The British Academy of Film and Television Arts (BAFTA) recognized some of the year’s best films on Sunday. "Gladiator" was chosen best film, and "Crouching Tiger, Hidden Dragon" took away best foreign-language film honors. Each of these Oscar contenders received four BAFTA awards in total.
Producers Douglas Wick, David Franzoni and Branko Lustig accepted the best film award for "Gladiator," praising director Ridley Scott during their acceptance speech, who lost out on the best director prize to Ang Lee for "Tiger."
Besides best foreign film and best director, "Crouching Tiger" also won for music (Tan Dun) and costume design (Tim Yip). Of BAFTA and the United Kingdom, Lee said: "You've always been great to me. This is like a second home to me now."
“Gladiator” also won the Orange Audience Award for most popular film of 2000. Scott thanked DreamWorks and Universal for their courage in backing a $100 million film in a genre that hadn't been touched for 30 years. "It is especially good to win this on my home turf as I spend so much time in the United States," Scott said during his acceptance speech. "I am absolutely thrilled."
Besides the BAFTA honor for best film, "Gladiator" also picked up awards for cinematography (John Mathieson), production design (Arthur Max) and editing (Pietro Scalia).
British effort "Billy Elliot" won three awards, including best British film, best actor (Jamie Bell) and best supporting actress for Julie Walters.
Julia Roberts was named best actress for her performance in the title role of "Erin Brockovich." Presenter Hugh Grant, and co-star in "Notting Hill," picked up the award for the absentee actress.
Best original screenplay and best sound awards went to Cameron Crowe’s "Almost Famous." Crowe's wife, Nancy Wilson, accepted his award, saying that Crowe was unable to attend the event as a double ear infection prevented him from flying. "He meant this movie as a love letter from his heart to music," Wilson said.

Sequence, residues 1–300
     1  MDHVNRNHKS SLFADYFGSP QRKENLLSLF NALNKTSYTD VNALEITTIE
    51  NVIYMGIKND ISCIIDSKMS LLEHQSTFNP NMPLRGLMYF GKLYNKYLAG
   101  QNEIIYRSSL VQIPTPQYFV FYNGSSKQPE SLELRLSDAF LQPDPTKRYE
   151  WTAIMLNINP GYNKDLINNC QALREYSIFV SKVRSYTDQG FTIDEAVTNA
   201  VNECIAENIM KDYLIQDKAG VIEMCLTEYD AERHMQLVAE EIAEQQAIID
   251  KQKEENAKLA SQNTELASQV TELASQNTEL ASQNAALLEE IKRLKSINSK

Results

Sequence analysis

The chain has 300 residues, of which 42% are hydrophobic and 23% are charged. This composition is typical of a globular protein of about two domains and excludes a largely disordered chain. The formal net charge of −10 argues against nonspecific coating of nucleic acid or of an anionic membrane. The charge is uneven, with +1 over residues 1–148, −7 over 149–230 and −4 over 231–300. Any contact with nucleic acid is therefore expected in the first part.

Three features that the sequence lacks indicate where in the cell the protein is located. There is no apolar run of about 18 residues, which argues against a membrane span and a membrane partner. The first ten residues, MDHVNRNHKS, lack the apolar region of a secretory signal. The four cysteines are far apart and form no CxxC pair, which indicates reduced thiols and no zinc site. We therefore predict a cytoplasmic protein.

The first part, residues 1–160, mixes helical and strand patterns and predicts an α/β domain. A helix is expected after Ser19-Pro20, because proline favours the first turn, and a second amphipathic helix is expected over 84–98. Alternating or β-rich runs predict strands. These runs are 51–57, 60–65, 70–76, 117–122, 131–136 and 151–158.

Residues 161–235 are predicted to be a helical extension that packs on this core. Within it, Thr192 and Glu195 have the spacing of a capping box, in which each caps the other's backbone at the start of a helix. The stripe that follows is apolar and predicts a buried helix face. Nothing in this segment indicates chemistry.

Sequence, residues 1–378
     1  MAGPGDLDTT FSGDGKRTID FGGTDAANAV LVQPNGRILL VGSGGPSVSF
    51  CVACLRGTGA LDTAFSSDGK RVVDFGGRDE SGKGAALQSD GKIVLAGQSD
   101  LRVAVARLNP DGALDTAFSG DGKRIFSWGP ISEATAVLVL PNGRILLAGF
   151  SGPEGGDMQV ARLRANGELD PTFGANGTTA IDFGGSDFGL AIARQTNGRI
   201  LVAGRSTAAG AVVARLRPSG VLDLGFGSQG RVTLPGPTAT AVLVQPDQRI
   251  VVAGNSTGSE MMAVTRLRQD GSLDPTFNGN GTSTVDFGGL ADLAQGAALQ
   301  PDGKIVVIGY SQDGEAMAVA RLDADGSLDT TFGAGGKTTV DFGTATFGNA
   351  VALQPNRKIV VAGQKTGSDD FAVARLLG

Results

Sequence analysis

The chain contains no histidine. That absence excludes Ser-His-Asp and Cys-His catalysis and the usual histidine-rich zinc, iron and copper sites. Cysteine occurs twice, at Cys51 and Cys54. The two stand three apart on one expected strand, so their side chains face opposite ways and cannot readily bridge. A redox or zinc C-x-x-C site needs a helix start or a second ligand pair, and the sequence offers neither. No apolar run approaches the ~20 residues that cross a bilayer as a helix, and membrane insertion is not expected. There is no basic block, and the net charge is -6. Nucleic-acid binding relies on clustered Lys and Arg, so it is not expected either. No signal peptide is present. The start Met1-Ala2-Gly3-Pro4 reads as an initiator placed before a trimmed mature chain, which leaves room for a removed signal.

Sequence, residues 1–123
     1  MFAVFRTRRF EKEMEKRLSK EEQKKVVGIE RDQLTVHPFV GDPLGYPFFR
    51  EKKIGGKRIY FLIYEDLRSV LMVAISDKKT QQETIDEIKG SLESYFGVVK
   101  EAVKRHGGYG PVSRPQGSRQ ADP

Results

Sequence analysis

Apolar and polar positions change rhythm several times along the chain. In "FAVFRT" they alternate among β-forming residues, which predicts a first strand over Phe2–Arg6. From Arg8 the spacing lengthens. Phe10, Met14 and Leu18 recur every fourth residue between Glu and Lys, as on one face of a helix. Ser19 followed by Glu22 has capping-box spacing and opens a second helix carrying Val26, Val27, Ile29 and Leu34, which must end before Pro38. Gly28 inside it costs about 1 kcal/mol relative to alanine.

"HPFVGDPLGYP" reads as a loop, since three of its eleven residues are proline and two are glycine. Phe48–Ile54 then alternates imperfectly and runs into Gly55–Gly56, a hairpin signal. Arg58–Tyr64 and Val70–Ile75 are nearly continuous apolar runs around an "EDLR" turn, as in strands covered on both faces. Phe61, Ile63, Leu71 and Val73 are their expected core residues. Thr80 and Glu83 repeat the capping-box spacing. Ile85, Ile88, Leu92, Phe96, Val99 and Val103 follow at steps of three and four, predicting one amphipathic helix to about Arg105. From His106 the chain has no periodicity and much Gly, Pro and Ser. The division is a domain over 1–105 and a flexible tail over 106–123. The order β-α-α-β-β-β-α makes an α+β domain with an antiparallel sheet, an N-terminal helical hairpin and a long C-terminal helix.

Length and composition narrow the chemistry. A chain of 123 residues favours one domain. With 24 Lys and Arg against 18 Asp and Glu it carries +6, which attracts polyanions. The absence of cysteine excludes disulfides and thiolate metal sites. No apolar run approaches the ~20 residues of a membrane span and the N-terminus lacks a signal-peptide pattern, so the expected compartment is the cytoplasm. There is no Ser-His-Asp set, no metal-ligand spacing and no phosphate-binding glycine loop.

Steven Soderbergh's "Traffic" also won two awards, for adapted screenplay (Stephen Gaghan) and supporting actor (Benicio Del Toro).
Veteran casting director Mary Selway was given the Michael Balcon Award for her outstanding contribution to cinema. Actor Albert Finney was presented with a British Film Academy Fellowship for lifetime achievement, receiving a standing ovation.
The complete list of winners:
THE ACADEMY FELLOWSHIP: Albert Finney
THE MICHAEL BALCON AWARD for outstanding British Contribution to Cinema: Mary Selway
THE ALEXANDER KORDA AWARD for outstanding British Film of the Year: "Billy Elliot"
BEST FILM: "Gladiator"
THE DAVID LEAN AWARD for Achievement in Direction: Ang Lee, "Crouching Tiger, Hidden Dragon"
SCREENPLAY (Original): Cameron Crowe, "Almost Famous"
SCREENPLAY (Adapted): Stephen Gaghan, "Traffic"
PERFORMANCE BY AN ACTRESS in a leading role: Julia Roberts, "Erin Brockovich"
PERFORMANCE BY AN ACTOR in a leading role: Jamie Bell, "Billy Elliot"
PERFORMANCE BY AN ACTRESS in a supporting role: Julie Walters, "Billy Elliot"
PERFORMANCE BY AN ACTOR in a supporting role: Benicio Del Toro, "Traffic"
FILM NOT IN THE ENGLISH LANGUAGE: "Crouching Tiger, Hidden Dragon" (Bill Hong/Hsu Li Kong/Ang Lee )
THE ANTHONY ASQUITH AWARD for achievement in Film Music: Tan Dun, "Crouching Tiger, Hidden Dragon"
THE CARL FOREMAN AWARD for Most Promising Newcomer to British Film: Pawel Pawlikowski
CINEMATOGRAPHY: John Mathieson, "Gladiator"
PRODUCTION DESIGN: Arthur Max, "Gladiator"
COSTUME DESIGN: Tim Yip, "Crouching Tiger, Hidden Dragon"
EDITING: Pietro Scalia, "Gladiator"
SOUND: Jeff Wexler/D.M. Hemphill/Rick Kline/Paul Massey/Mike Wilhoit, "Almost Famous"
ACHIEVEMENT IN SPECIAL VISUAL EFFECTS: Stefen Fangmeier/John Frazier/Walt Conti/Habib Zargarpour/Tim Alexander, "The Perfect Storm"
MAKE UP/HAIR: Rick Baker/Kazuhirop Tsuji/Tony G./Gal Ryan/Sylvia Nava, "How the Grinch Stole Christmas"
SHORT FILM Gary Holding/Justine Leahy/Tinge Krishnan, "Shadowscan"
SHORT ANIMATION: Claire Jennings/Willem Thijssen/Michael Dudok de Wit, "Father and Daughter"
ORANGE AUDIENCE AWARD: "Gladiator"